Norfolk State University (NSU), in Norfolk, VA, installed three new Hitachi SK-HD1000 digital high definition cameras in its television studio, which provides hands-on training to students enrolled in the schools Mass Communication program. The studio, which is part of NSUs School of Liberal Arts, enables students to satisfy media lab requirements and produce their own videos as they work toward a Bachelor of Science in Mass Communication.
Since our students have different levels of technical proficiency, it was critical for us to choose cameras that are extremely easy to operate, maneuver, and maintain, said Michael Matovich, CBT (Certified Broadcast Technologist) and chief video engineer for NSU. The Hitachi SK-HD1000 is all of those things, plus it produces a fantastic picture. As a state university, all major purchases must go out to bid. The Hitachi SK-HD1000 demonstrated the best price/performance of any camera we considered.
NSUs television studio, which is on-campus in the James A. Bowser Industrial Education Building, has an adjacent control room with a Ross Synergy 2-M/E production switcher and an Inscriber CG, among other gear. While it still operates in SD 4:3/16:9, Matovich said, We chose Hitachi cameras to lay the groundwork for our eventual transition to 1080i HD production.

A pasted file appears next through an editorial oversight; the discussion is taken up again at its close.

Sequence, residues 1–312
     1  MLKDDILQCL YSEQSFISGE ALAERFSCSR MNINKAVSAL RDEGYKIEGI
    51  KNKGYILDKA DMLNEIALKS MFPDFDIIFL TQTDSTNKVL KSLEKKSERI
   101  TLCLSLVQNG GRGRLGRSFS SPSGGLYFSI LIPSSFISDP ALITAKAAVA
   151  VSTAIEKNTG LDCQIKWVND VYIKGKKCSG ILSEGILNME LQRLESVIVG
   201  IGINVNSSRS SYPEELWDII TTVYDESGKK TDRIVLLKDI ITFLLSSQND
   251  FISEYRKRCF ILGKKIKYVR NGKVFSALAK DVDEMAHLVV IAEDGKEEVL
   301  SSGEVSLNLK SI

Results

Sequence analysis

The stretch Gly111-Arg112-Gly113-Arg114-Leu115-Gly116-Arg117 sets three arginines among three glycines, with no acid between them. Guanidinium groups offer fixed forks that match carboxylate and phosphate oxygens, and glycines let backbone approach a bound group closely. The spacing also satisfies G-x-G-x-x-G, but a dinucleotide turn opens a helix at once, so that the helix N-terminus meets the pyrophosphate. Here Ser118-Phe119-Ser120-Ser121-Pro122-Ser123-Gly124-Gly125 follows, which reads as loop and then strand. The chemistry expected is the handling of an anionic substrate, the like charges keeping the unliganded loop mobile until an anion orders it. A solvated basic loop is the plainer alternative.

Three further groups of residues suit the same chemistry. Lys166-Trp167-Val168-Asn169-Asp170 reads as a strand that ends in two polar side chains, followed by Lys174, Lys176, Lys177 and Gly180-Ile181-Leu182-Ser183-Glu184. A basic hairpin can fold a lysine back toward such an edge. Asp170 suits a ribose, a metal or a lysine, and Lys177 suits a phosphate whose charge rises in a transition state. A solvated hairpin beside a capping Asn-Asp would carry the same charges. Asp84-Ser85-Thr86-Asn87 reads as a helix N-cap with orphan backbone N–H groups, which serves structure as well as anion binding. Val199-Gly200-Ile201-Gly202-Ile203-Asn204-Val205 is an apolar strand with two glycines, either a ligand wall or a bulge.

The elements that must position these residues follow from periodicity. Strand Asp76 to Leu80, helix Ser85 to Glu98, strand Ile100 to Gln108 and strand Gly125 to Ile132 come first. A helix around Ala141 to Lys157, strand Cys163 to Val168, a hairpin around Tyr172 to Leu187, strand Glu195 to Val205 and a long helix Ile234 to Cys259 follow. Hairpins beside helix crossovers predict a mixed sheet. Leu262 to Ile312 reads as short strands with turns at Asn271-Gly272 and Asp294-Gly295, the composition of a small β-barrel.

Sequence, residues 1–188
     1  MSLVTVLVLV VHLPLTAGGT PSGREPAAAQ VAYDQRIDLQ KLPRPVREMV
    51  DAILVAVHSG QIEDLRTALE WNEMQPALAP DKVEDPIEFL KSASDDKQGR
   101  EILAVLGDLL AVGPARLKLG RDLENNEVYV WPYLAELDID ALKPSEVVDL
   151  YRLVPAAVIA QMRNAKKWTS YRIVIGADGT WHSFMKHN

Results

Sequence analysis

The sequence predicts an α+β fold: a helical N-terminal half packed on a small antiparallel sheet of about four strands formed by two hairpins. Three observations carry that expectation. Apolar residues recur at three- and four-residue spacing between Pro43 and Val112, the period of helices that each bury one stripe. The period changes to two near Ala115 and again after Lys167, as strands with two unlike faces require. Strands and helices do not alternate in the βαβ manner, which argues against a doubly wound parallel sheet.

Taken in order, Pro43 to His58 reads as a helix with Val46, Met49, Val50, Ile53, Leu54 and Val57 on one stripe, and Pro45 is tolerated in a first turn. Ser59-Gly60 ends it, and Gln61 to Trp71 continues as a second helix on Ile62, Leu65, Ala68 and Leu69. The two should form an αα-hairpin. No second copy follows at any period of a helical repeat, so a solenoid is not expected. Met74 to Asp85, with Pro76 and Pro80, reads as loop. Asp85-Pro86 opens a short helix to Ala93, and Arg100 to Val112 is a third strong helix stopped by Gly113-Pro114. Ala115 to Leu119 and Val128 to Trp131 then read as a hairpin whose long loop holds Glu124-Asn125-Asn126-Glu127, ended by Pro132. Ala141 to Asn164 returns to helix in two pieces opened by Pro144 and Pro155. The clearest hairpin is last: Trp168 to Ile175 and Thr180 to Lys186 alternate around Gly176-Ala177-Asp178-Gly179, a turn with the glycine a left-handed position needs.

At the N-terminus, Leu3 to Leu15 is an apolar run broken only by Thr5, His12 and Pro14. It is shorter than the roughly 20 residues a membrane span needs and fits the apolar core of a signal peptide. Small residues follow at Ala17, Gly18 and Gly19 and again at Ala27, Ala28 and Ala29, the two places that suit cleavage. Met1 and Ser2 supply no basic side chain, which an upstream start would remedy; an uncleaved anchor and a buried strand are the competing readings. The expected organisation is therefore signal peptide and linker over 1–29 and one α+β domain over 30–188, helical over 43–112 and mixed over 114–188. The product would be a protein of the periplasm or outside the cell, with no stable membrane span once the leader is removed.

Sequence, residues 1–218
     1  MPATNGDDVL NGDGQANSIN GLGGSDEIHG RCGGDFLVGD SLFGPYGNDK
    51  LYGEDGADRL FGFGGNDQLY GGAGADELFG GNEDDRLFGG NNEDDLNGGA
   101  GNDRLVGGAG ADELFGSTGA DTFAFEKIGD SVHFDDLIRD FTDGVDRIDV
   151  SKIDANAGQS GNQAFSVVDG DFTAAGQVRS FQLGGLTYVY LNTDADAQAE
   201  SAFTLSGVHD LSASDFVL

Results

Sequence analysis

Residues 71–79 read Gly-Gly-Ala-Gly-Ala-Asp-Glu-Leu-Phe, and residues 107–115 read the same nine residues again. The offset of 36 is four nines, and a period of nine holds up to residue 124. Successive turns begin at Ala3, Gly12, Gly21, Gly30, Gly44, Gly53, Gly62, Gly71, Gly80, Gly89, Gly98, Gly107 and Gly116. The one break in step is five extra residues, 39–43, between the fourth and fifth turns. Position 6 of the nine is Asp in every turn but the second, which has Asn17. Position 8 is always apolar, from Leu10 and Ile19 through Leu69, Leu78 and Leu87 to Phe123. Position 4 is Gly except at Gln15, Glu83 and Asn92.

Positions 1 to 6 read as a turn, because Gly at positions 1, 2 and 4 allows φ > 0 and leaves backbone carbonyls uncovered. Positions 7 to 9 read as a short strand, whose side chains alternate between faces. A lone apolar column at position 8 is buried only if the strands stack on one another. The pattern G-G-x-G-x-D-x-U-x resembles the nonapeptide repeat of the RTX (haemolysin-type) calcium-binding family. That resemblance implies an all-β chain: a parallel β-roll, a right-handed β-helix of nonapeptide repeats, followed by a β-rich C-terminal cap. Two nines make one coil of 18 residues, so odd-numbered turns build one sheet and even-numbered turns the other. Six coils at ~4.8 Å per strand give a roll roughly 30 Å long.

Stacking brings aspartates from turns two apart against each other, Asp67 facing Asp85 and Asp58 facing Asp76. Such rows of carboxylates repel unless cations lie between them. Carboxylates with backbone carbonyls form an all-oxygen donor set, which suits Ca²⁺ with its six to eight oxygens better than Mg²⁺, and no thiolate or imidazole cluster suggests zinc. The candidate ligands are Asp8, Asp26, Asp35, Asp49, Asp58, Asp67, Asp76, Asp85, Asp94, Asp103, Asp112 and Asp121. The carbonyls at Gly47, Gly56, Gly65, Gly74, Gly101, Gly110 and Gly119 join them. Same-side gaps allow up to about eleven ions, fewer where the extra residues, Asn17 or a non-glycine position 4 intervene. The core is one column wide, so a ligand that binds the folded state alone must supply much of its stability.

The three Hitachi SK-HD1000 cameras, ordered through York Telecom, a N.J.-based systems integrator and equipment dealer with a Richmond, VA office, are positioned on lightweight Vinten pedestals. These broadcast cameras are also outfitted with many Hitachi accessories including five-inch VF-HD500 black/white viewfinders, CU-HD1000 camera control units, and RU-1200JY remote control units.
What I really love about these cameras is that theyre outfitted with Hitachi fiber camera adapters that enable us to use fiber cabling, said Matovich. A lightweight fiber cable is so much easier to use than heavy, cumbersome triax cable. Our teleprompter also plugs directly into the camera, giving us one less cable to worry about and a much neater camera setup.
According to Lateef Gibson, video producer/director for NSU, Our students have really embraced these new cameras for their projects, which include music videos, newscasts, and other videos that rely heavily on green or blue screen keying and effects. Student productions are primarily shown on channel 48, the campus television network.
Another factor leading to the selection of Hitachi SK-HD1000s was the studios positive experience with Hitachi Z-3000s, which worked reliably for years. The cameras were still operational, but it was just time to begin our migration to HD, Matovich said. With the Hitachi SK-HD1000s, were confident were effectively preparing our students for professional careers in television production.